And suddenly my wife announces that we’re going to follow him, make him a little nervous. I’m still furious, but this doesn’t strike me as the most prudent thing in the world. Nonetheless, my wife starts trailing him, right on his rear.

After a few minutes the guy’s driving evasively, but my wife’s on him. Finally both cars stop at a red light, one that we know is a long one. Another car is stopped in front of the villain. He’s not going anywhere.

Suddenly my wife grabs something from the front seat divider, opens her door, and says, “Now he’s going to be sorry.”

I rouse myself feebly—“Uh, honey, do you really think this is such a goo—” But she’s out of the car, starts pounding on his window.

I hurry over just in time to hear my wife say, “If you could do something that mean to another person, you probably need this,” in a venomous voice. She then flings something in the window. She returns to the car triumphant, just glorious.

"What did you throw in there!?" She’s not talking yet. The light turns green, there’s no one behind us, and we just sit there.

The thug’s car starts to blink a very sensible turn indicator, makes a slow turn, and heads down a side street into the dark at, like, five miles an hour.

If it’s possible for a car to look ashamed, this car was doing it.

“Honey, what did you throw in there, tell me?”

She allows herself a small, malicious grin. “A grape lollipop.”

I was awed by her savage passive-aggressiveness —“You’re such a mean, awful human that something must have gone really wrong in your childhood, and maybe this lollipop will help correct that just a little.”

About the Author: Robert Sapolsky is a world-renowned neuroscientist, who has spent decades studying violence. This story is from the opening of his best-selling book ‘Behave‘.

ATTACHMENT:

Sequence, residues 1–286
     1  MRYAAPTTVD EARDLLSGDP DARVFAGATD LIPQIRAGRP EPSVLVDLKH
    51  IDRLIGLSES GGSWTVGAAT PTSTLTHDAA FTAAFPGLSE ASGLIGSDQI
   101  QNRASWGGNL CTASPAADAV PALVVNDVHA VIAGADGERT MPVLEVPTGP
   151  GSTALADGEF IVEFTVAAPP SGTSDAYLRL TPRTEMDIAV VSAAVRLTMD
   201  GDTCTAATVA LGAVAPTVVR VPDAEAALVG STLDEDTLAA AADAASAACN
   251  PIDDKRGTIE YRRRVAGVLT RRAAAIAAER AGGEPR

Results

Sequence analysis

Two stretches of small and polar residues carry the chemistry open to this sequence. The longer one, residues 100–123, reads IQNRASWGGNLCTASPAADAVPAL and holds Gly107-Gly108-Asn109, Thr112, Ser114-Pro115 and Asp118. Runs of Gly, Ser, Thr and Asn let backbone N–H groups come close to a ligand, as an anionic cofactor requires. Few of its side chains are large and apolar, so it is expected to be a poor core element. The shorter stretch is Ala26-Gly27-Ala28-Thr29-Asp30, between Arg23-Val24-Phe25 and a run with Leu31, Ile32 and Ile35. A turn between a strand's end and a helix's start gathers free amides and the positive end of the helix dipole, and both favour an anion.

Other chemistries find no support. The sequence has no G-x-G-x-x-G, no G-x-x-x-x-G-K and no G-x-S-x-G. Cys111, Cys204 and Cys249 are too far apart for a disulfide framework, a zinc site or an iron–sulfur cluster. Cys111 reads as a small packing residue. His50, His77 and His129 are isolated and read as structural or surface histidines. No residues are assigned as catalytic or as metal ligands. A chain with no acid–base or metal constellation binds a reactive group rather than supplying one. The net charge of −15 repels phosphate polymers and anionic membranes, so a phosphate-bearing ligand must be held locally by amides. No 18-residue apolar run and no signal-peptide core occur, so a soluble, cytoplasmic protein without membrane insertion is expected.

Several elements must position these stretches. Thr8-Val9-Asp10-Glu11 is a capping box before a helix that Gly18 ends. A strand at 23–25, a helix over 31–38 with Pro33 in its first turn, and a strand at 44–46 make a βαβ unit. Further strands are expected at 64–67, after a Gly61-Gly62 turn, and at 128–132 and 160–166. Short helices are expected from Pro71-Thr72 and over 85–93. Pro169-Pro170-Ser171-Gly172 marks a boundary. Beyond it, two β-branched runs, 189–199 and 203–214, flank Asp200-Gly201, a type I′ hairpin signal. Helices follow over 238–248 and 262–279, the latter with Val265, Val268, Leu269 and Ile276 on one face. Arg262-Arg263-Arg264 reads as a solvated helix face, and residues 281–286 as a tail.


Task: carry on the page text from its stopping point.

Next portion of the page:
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Latest Community Insights New!
Ambiguity Of Violence
How do you relate to the notion that the context of aggression matters? Can you share an experience that involved the ‘right’ kind of aggression? What helps you tinge even your aggressive moments with love?
Jagdish P Dave wrote: I tend to agree with the author Robert Sapolskythat aggression will always be a part of human experience. Love also will be a part of the human experience since the biologies of strong love and strong…
David Doane wrote: Aggression means hostile, violent, attacking. For me, the context of aggression doesn’t matter. Aggression meaning hostile or violent is always unnecessary and probably harmful. I don’t have a…
Liz Helgesen wrote: With Love Not Aggression

This piece made me feel very uncomfortable. I am uncertain the wife’s actions were wise, and seemed not non-violent to me. Especially that children were in the car watchi…

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Some Good News

• The World’s Last Nomadic Peoples
• Wish You Were Here: Postcards from the Future
• Poetry Calls Us To Pause

Video of the Week

• The Buy Nothing Project Gift Economies

Kindness Stories

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Join us for a conference call this Saturday, with a global group of ServiceSpace friends and our insightful guest speaker. Join the Forest Call >>

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Back in 1997, one person started sending this simple “meditation reminder” to a few friends. Soon after, “Wednesdays” started, ServiceSpace blossomed, and the humble experiments of service took a life of its own. If you’d like to start an Awakin gathering in your area, we’d be happy to help you get started.

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Wish You Were Here: Postcards from the Future